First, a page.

Butterly told O’Higgins that he did not tell gardaí that any doors had been locked before the fire broke out but said that he had answered “all questions asked of me” and that the head doorman [Mr Kennan] had told Butterly that he had opened the doors before the fire.

“What’s missing is that you didn’t tell them the doors were locked,” said O’Higgins.

“They weren’t at the time of the fire,” said Butterly, who added that he was told by Kennan before the fire that “everything was ok”.

O’Higgins said that Kennan had given a statement to the 1981 tribunal that all doors were locked at around 11pm on the night except ‘exit [door] two’.

“That’s a big divergence between what he said and what you said. He is checking the doors and you are not. He is clearly in a better position,” said O’Higgins.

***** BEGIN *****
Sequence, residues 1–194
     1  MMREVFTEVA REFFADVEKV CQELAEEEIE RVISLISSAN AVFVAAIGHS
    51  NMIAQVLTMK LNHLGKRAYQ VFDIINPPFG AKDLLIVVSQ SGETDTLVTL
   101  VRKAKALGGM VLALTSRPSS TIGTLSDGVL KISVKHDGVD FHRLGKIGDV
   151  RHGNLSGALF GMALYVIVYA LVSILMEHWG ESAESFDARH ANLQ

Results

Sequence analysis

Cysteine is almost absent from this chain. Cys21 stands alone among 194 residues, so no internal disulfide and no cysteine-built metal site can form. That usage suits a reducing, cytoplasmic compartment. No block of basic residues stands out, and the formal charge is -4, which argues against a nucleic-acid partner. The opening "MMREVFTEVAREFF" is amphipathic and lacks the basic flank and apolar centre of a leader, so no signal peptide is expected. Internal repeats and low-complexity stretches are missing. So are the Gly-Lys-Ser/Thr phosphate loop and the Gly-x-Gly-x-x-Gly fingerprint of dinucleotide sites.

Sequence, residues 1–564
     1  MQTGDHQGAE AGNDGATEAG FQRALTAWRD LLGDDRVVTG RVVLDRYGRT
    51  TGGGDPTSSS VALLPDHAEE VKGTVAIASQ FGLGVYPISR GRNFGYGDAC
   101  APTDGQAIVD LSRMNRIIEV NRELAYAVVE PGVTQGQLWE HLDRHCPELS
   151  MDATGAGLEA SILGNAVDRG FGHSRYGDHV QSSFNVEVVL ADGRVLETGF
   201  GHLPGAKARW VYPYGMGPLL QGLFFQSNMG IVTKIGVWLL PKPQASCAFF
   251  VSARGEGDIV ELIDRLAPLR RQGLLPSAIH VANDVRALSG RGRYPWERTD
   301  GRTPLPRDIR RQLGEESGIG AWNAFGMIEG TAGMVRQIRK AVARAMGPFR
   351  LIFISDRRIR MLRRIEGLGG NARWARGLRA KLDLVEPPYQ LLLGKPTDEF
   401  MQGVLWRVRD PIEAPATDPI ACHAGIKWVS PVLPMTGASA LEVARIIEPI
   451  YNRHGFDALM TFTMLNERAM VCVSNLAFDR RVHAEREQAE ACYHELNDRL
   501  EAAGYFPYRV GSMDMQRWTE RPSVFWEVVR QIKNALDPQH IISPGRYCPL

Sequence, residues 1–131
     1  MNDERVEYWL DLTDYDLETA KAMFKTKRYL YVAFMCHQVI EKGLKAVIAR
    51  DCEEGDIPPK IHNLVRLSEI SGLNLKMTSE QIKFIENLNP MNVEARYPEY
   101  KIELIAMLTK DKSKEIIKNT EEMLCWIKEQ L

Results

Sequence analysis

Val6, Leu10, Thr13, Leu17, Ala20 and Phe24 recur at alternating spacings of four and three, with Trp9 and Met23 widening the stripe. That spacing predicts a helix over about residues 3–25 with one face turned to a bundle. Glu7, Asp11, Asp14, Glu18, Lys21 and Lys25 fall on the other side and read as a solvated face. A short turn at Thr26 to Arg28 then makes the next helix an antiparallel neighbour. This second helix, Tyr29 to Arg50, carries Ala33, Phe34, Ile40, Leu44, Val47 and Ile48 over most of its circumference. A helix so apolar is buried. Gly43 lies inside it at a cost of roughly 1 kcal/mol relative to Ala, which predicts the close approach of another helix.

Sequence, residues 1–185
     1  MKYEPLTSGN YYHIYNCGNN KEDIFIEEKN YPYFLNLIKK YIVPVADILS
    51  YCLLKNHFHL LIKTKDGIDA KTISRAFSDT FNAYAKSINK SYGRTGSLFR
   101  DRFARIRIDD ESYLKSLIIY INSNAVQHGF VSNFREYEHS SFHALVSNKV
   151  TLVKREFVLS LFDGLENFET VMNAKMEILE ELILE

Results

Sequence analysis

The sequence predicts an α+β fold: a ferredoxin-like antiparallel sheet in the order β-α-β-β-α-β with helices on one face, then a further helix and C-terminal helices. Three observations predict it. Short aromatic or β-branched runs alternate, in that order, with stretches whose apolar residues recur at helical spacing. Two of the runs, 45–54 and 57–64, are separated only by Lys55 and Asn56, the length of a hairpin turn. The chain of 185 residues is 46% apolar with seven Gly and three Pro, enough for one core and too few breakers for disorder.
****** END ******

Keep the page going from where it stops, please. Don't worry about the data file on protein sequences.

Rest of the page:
O’Higgins said the door policy was a “dog’s dinner”.

Butterly said that Mr Kennan “told me the doors were open at 11.30pm”.

“If you want to introduce a policy with obvious risks, do you not understand you need a really good template as to how it is to operate? Did it meet the needs of the policy? Did the system meet your policy?” asked O’Higgins.

Butterly said he did not have a policy in writing, but that staff had been trained in the use of fire-extinguishers.

O’Higgins said that after the fire the staff met “in shock” at around midday on 14 February when “whiskey was passed around”.

Butterly said he “certainly” did not supply any whiskey but that “everybody was in a daze, shell-shocked, with no sleep – it was a shocking morning”.